Kate was making her second visit to the centre. Her first was a private trip she made to learn more about the charity Action on Addiction before becoming its patron.
Hope House provides therapy for the women, who will have gone through a process of detox and are clean of alcohol and drugs but still need support before they are ready to return home.
The women's art therapy session was close to Kate's heart as she has a keen interest in drawing and painting.
The Duchess is also royal patron of a charity called the Art Room, which uses art therapy to help raise the self-esteem and confidence of school children.
Kate sat at the head of the table and around her were seated seven women whose colourful paintings were laid out in front of them.
One client called Natalie, who had drawn a winding road, told Kate: "This is my road to recovery. This is when I was in addiction, my life was in complete darkness and then gets a lot brighter."
The Duchess listened intently to her story and told her at the end: "Well done you for getting sober."
Natalie said afterwards: "I've got to say I'm sober and clean. When I was in the darkness I never thought that would happen."
The 28-year-old relapsed during her first referral to Hope House but was able to get clean and returned and has completed her period of therapy at the centre.
A reception for supporters and senior staff from Action on Addiction was held at Hope House and Kate shared a joke with the son of one of the charity's donators.
Katie Woodward, 45, whose father established a charitable trust which has donated to Action on Addiction, brought her son Hugo, nine, and daughter Serena, seven, to meet Kate.
Hugo was celebrating his birthday today and the Duchess asked him: "Are you doing anything nice today?"
The guests erupted in laughter as Hugo paused before answering, and finally said: "I'm going to a restaurant."
A moving moment came during the reception when the Duchess heard from a woman who received treatment at Hope House and is now forging a career as a playwright.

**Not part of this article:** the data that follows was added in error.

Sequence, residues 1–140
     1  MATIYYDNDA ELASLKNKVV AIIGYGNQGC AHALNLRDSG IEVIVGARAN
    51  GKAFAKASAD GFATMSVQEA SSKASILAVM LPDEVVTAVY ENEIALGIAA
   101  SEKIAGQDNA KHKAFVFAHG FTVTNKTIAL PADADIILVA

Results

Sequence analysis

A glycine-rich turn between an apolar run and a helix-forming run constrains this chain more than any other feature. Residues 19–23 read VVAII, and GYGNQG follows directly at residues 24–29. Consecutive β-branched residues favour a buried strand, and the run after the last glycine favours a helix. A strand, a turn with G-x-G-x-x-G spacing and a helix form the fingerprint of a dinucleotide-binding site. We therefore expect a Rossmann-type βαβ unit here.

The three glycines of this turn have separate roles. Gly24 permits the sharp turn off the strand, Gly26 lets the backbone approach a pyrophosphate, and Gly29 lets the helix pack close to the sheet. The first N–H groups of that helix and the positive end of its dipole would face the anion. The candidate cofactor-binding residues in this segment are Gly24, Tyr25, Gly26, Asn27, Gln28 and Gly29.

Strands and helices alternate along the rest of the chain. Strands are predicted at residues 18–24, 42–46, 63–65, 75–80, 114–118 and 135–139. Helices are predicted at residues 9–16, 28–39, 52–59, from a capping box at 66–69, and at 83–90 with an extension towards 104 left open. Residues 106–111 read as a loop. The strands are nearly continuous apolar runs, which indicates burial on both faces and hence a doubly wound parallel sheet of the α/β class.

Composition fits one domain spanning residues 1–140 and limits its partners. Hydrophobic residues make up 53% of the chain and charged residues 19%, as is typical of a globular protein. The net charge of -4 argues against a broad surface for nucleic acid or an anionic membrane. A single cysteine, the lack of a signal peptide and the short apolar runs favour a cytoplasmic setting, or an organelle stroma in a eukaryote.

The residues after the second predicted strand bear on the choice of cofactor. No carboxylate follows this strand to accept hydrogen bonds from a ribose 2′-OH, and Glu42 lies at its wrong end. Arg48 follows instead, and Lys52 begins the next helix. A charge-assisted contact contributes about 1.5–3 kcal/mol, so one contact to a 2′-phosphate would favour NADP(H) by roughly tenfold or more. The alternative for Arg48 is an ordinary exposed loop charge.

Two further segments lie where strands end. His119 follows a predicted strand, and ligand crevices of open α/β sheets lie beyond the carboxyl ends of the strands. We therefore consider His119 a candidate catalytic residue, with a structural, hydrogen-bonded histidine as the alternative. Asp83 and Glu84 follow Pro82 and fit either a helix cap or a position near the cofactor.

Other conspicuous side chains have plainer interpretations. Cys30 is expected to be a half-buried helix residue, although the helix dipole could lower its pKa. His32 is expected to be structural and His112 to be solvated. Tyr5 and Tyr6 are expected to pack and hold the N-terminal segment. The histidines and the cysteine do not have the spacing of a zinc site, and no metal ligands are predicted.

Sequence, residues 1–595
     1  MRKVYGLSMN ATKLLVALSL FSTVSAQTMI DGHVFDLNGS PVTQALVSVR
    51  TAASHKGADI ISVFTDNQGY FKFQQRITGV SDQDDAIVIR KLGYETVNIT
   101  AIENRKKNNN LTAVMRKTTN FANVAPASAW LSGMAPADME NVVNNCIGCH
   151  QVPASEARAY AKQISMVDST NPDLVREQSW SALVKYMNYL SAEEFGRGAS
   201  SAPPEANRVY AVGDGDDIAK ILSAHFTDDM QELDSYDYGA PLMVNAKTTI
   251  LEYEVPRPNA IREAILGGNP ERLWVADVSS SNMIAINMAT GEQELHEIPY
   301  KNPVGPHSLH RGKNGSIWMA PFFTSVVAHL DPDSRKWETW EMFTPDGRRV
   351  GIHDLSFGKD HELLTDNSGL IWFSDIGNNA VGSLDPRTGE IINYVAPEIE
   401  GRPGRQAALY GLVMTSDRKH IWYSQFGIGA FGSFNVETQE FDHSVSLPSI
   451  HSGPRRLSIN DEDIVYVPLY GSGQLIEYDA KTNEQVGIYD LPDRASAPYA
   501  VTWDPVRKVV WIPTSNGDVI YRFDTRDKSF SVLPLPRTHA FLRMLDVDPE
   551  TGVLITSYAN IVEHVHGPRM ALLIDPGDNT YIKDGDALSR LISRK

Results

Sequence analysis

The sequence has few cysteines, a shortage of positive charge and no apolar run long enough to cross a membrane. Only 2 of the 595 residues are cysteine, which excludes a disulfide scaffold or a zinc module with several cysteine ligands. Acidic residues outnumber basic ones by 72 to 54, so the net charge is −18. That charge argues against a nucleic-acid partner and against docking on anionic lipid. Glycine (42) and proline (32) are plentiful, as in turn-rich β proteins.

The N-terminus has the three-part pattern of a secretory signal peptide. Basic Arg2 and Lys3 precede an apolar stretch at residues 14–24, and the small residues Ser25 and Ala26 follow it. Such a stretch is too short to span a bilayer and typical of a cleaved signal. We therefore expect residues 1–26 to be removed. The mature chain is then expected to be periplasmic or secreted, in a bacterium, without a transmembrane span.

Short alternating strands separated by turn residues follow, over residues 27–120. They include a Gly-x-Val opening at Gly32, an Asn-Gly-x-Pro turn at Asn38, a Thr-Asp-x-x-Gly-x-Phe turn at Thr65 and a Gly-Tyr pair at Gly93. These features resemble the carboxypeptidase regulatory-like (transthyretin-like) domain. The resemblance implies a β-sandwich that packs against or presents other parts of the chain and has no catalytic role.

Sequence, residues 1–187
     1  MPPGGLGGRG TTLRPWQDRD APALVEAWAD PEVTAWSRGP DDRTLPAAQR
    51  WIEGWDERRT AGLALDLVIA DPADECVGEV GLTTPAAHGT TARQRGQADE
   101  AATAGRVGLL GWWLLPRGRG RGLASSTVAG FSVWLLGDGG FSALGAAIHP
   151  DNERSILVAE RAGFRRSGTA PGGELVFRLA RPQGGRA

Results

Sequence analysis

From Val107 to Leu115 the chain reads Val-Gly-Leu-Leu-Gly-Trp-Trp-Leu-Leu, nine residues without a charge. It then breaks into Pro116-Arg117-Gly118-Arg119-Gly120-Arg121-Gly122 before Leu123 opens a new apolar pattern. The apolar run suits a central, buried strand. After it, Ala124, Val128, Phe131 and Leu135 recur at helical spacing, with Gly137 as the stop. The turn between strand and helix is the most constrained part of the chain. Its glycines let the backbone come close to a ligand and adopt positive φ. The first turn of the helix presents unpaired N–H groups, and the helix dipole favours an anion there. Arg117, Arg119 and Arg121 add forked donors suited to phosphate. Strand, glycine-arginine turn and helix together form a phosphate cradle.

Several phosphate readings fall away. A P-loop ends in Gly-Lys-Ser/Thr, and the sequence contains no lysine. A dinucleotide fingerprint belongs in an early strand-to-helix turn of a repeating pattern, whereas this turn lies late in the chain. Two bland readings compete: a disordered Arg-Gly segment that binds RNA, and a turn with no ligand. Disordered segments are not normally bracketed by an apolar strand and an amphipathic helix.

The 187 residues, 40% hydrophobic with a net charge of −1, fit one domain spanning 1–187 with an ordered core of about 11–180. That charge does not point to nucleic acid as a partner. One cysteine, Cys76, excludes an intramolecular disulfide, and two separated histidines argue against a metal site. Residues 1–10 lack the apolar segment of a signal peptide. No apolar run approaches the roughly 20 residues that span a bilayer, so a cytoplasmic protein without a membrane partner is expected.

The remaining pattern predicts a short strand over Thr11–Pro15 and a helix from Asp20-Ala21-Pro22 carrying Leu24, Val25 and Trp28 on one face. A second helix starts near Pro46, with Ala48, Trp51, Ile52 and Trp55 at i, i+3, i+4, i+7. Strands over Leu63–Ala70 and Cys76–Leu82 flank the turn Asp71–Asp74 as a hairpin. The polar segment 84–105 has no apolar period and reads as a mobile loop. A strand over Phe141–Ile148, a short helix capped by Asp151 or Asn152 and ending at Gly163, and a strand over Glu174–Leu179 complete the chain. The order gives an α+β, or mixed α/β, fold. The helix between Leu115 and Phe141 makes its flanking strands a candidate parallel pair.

Sonya Hale, 35, from Congleton, Cheshire, has had an award-winning play produced at London's Royal Court theatre and another will be staged next month at a festival at Southbank Centre.
The writer began using soft drugs aged 14 and progressed to harder substances like heroin and crack and spent much of her 20s in and out of prison after being convicted of petty crimes.
She told the Duchess and guests: "On arriving here just two years ago I was a broken, frightened shell of a woman, who lacked any of the basic skills necessary to live a normal life.
"I've been heavily addicted to drugs and alcohol from an early age, I spent much of life roaming the streets, sleeping in shop doorways and using drugs."
Ms Hale said that after treatment at Hope House, "I felt held, I felt saved, I felt loved for what seemed like the first time ever.
"Through a combination of group work and counselling Hope House nurtured me and supported me to make the changes necessary to turn my life around."
Before leaving, Ms Woodward's two children presented Kate with a posy outside the building as dozens of photographers recorded the moment.
Nick Barton, Action on Addiction's chief executive, praised the Duchess after the visit: "She was wonderful with the clients. They fell in love with her. They opened up to her.
"She's such an easy person that they were talking to her in a very comfortable way, and I think surprised themselves at how easy that she made it for them.
"She seemed in good spirits, in good health, and very comfortable."